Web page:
We have issues with STEM education in America. My last three posts go into great detail about different aspects of the problem, and suggestions of how to fix the STEM education system. Unfortunately some may not want to read through the long posts, so here is a much shorter summary.
The main problems, as agreed upon at a recent conference of experts from all education levels, industry and STEM professionals include:
• We do not have appropriate teacher training and certification systems in place to ensure STEM teachers in Preschool – High School can in fact provide what is needed for students. Reform and progress in STEM areas cannot ever happen if we do not have teachers in place who can properly work with students;
• Federal education policy places a focus on content only, and not skills needed to reach levels of ‘critical thinking’ and complex problem solving. This runs contrary to what is needed in STEM education and for college to be successful in STEM;
• We continue to treat education in America as five disjointed, and at times disconnected, levels. We must move into a mindset of one continuum of education, Preschool – college, and then use this to our advantage and vertically align the system to reach the end goals we want.
We have limited success stories out there of schools that are producing high-powered STEM students, to be sure. But these stories are, unfortunately, few and far between. Assuming that federal mandates and education policy continue to emphasize content only for the foreseeable future, educators and STEM experts need to be clever about how to try and get more success stories to blossom, despite the systemic obstacles that are placed in our way.
A start is to make use of technology and network with each other. From our conference, there is a new Ning setup for such communication. This is at http://stemdist219.ning.com/. For those of us who have had some successes, we need to share our methods and experience and encourage our colleagues in other districts to try it. Blog about your ideas, tell us what works and what does not. For example, I have put a large amount of information and documents on my school research web site. There are links to past student papers (which shows the high level high school students can work at when unleashed!), links to university departments with suggestions of how to make contacts and how to develop research ideas, and a research booklet with all sorts of suggestions that have worked for me as I tried to establish a research program. I will put some references to published articles I have written at the end of this post, so you can get more details about some things that have worked for me over the years.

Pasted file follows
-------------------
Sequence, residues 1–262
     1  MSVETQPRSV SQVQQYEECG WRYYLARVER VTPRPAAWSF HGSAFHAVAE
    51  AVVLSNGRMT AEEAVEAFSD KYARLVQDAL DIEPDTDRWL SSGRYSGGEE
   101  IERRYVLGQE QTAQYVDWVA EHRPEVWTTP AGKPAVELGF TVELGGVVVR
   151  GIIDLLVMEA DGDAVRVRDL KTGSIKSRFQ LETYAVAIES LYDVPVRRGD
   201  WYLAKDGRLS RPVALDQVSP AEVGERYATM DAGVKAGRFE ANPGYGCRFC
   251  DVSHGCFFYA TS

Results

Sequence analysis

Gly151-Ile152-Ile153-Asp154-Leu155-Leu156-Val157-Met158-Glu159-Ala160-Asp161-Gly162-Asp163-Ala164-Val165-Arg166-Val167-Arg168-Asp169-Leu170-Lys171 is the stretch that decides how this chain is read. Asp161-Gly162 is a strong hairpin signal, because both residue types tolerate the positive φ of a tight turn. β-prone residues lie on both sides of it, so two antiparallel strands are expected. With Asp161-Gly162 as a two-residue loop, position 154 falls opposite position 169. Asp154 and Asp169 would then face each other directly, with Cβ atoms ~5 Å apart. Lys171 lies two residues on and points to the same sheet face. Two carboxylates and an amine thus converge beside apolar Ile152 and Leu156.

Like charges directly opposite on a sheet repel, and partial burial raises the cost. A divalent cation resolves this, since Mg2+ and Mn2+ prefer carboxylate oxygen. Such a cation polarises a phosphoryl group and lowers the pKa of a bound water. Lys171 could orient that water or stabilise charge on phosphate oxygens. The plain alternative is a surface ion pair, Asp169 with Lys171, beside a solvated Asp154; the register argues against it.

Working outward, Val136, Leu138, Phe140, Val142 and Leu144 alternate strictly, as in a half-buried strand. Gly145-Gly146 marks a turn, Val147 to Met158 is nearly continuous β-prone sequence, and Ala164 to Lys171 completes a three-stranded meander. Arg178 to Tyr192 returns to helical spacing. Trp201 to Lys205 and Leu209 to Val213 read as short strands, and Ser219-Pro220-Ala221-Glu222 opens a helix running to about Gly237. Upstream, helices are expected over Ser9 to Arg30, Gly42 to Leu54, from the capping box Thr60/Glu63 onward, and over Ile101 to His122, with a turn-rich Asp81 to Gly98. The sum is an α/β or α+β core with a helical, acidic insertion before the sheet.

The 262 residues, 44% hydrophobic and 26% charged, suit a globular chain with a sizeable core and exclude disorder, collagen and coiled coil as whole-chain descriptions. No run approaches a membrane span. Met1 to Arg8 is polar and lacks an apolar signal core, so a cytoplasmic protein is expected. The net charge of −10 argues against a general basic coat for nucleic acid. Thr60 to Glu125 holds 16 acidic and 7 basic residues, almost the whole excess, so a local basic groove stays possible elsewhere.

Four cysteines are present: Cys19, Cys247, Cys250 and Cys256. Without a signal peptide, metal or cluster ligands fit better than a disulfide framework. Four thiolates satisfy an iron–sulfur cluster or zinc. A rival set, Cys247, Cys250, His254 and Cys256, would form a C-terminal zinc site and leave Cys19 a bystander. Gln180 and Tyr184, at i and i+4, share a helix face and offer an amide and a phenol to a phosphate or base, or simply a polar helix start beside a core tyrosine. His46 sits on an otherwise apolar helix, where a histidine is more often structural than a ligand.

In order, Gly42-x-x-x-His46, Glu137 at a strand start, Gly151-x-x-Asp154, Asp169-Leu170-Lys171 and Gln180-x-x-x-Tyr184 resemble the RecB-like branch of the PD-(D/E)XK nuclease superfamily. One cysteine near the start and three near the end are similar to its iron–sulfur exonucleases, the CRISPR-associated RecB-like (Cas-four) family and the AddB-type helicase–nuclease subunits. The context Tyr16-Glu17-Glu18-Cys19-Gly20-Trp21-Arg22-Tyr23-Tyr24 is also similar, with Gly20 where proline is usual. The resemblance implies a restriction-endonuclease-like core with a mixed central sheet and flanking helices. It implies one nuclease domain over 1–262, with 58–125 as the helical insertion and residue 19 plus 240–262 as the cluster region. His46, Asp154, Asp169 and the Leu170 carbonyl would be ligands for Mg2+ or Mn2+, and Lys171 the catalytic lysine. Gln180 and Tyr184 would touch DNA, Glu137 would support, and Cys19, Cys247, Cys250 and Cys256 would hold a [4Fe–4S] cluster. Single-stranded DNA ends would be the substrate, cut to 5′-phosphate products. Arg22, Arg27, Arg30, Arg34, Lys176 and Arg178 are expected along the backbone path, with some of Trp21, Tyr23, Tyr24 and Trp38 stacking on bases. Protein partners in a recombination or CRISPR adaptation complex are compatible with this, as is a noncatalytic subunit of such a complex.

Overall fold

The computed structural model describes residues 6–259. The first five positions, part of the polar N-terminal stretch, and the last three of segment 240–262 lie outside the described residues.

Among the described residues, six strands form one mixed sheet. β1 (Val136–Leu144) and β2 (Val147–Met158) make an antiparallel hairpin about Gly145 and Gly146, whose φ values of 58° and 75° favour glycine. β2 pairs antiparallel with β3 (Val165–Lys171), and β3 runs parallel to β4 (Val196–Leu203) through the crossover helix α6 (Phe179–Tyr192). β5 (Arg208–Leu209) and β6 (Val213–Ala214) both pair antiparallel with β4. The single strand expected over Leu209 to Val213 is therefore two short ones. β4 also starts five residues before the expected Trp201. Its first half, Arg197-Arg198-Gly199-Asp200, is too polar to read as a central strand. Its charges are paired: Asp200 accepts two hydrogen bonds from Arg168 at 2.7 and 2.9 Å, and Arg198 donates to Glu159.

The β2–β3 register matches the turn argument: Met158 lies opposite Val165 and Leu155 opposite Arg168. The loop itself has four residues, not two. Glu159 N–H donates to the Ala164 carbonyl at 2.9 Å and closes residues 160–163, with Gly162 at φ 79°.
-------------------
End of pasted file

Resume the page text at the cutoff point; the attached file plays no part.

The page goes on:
If you are unable to get research started, then perhaps getting students involved in STEM competitions is a possibility. We get at least our top kids involved in JETS TEAMS contests, WYSE Academic Challenge, the STEM Olympiads, Physics Bowl, science essay contests, bridge building competitions, independent studies into any area of science or math that they are interested in (such as quantum mechanics, relativity, cosmology, particle physics, robotics, Lagrangian mechanics, and so on), writing computer simulations with C++, Java, Matlab or other software, peer tutoring and mentoring (to get them thinking more deeply about STEM subjects), and whatever else you can think of. Students being able to actively do things they want to do is invaluable for building a love of STEM subjects and get them deeper into the process and skill-building that is necessary at the college and professional levels. By getting them into projects of any kind outside of classwork, a new level of independence is reached, and often more involved problem solving and synthesis of new, challenging material are required. This is the value of academic extracurriculars. Just provide outside opportunities for kids, and let them lose. Often you will be amazed at what they end up doing! These are the things we no longer have time to do in classes, because we need to focus on content for ‘the test.’ I don’t see this changing any time soon, even with the Obama administration. However, if we are willing to work on projects and contests outside of class time, we can begin to hook more students into STEM areas, and properly prepare them for advanced work in college and beyond. We have no choice if the system does not change. It is more work. It is more difficult than it needs to be. But our children’s future and the country’s future depend on such efforts.
While we are at it, please share any thoughts or activities that have been successful for you. Join the Ning and join the discussion with a larger network. We should organize and contact political leaders who are in charge of education policy, as well as State Boards of Education and University deans for schools of education to adopt new training and certification programs to develop well-trained STEM teachers of the future. There is much to get done, as quickly as possible.
Let’s get to work!
Some references related to how to build and maintain high school STEM/research programs:
1. M. Ngoi, M. Vondracek, “Working with Gifted Science Students in a Public High
School Environment.” Journal of Secondary Gifted Education, vol. XV, no. 4,
141-147 (Summer 2004).
2. R. Horton & M. Vondracek, “Creating and Maintaining a High School Physics
Research Program.” The Physics Teacher, vol. 42, 334-338 (September 2004).
3. M. Vondracek. “Diminishing the Gap Between High School and University
Research Programs – Computational Research.” The Physics Teacher, 44 (Oct.